Debra and Mark Leslie
When I saw the new Museum exhibition, Revolution, I immediately thought that the Museum had the opportunity to do for
software what it has done with so many other areas of computing.
I also thought that a focus on software would help the general public understand that the great breakthroughs of the most recent twenty years have largely been software-driven. Because the Museum was already planning to make software an important part of its future strategy, we were able to help something strategic happen even faster than it might have.
Debra and I are happy to support the work of the Museum, and to see it be front and center as a destination for history and understanding in Silicon Valley.
Mark and Debra Leslie of Portola Valley, California, are long-standing supporters of the Computer History Museum. In 2011, the Leslies pledged $1 million to support a new
initiative in software history. The centerpiece of the initiative will be a physical and digital exhibition of software “gamechangers.” The working title of the project,
scheduled to debut in 2013, is Make Software, Change the World.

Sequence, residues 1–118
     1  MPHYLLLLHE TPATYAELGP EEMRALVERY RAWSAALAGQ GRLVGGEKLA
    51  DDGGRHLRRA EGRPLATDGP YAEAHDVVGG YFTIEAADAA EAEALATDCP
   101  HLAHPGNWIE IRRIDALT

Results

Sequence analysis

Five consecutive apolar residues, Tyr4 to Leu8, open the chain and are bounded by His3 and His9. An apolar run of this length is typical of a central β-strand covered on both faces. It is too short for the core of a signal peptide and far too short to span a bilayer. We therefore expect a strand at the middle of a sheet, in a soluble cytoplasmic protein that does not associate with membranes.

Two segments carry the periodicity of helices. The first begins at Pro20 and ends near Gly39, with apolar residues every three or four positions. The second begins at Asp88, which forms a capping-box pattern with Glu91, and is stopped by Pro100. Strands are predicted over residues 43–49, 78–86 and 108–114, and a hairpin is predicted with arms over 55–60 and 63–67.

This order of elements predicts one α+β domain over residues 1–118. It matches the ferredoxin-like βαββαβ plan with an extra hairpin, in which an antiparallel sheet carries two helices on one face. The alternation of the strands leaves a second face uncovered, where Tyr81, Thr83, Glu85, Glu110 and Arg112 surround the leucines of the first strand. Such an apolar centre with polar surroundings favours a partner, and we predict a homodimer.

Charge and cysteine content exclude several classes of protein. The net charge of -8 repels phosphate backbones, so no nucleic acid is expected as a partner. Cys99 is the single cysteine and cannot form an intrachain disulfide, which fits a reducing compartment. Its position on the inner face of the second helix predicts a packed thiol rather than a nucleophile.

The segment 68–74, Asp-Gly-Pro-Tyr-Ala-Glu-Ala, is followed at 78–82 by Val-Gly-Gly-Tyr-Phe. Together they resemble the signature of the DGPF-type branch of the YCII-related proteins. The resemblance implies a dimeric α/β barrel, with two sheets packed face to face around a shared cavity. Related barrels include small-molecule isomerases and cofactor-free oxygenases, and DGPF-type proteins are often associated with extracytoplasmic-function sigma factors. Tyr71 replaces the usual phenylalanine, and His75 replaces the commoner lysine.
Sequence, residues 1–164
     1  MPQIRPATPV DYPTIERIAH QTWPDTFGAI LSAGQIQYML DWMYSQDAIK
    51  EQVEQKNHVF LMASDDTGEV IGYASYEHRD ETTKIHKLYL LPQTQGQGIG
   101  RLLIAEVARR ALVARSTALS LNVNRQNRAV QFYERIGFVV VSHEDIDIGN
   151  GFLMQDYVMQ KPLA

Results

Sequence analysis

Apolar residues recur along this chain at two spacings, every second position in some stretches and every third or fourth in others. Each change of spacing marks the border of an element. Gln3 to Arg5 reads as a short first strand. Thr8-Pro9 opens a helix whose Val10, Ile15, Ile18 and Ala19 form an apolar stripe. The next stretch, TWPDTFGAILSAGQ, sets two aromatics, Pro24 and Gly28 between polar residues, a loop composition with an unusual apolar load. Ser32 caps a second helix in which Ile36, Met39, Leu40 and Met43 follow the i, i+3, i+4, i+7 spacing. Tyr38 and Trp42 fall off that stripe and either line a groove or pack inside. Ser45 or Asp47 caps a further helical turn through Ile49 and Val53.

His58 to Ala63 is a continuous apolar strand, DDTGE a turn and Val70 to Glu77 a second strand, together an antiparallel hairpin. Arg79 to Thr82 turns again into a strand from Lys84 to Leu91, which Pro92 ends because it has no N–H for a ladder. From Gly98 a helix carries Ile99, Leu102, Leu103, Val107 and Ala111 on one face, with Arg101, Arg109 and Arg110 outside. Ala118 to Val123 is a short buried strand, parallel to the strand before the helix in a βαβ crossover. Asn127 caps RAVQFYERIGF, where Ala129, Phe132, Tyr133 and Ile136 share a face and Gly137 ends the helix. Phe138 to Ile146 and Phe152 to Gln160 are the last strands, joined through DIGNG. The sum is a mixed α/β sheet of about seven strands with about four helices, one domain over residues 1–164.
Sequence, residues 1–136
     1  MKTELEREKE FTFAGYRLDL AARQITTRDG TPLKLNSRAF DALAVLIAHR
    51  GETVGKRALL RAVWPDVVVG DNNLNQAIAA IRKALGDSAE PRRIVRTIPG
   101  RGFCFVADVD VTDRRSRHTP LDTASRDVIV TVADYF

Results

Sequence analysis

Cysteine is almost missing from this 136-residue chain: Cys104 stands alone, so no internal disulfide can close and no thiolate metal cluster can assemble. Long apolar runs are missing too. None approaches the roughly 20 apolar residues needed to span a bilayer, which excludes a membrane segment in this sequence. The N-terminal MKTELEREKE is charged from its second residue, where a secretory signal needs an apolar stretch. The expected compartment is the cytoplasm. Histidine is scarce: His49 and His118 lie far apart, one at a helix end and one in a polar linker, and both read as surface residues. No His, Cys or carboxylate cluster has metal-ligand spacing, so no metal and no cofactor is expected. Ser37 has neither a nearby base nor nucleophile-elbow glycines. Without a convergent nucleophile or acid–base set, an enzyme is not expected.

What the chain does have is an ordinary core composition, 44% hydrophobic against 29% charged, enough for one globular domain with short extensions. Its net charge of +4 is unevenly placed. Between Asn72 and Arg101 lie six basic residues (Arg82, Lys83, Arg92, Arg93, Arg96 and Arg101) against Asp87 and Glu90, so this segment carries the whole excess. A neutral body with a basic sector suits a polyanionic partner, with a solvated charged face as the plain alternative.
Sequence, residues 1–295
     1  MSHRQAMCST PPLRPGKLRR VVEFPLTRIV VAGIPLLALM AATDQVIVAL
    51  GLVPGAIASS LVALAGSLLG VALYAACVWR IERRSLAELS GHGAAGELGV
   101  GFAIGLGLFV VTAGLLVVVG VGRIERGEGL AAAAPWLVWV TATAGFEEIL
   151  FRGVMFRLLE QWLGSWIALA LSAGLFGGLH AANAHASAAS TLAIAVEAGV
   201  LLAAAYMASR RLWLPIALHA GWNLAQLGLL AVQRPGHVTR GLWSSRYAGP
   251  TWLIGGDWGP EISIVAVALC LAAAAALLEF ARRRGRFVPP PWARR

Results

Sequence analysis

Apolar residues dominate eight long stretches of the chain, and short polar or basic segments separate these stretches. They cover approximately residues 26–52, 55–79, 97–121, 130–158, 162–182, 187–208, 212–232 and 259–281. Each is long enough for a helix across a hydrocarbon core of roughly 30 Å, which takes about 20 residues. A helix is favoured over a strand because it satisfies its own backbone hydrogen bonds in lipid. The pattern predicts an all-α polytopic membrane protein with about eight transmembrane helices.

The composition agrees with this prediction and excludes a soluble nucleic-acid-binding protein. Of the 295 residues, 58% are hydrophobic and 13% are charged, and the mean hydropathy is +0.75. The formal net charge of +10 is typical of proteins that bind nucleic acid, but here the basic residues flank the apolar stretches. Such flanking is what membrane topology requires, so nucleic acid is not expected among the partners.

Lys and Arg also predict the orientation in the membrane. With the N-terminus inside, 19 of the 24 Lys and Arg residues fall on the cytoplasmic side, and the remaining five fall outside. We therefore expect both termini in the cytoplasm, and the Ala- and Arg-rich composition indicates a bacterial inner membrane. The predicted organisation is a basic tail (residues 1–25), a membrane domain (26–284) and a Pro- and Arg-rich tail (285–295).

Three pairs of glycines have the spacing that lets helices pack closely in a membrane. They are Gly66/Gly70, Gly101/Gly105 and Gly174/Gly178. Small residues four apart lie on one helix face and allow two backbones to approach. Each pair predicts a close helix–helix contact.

Mark is retired after a 35-year career as a successful entrepreneur in Silicon Valley. He was most notably founding chairman and ceo of Veritas Software, which during his tenure grew from 12 employees in 1990 to 6,000, and from $95,000 in revenue to $1.5 billion annually. It was acquired in 2005 by Symantec Corporation.
Now a lecturer in management at the Stanford Graduate School of Business, Mark teaches courses in entrepreneurship and sales organization. He also serves on the boards of several private companies, a number of Silicon Valley non-profits, and the New York University Board of Overseers. Mark and Debra have established the Leslie Family Foundation and, through the foundation generously support a number of nonprofit institutions that advance their vision of community service and education.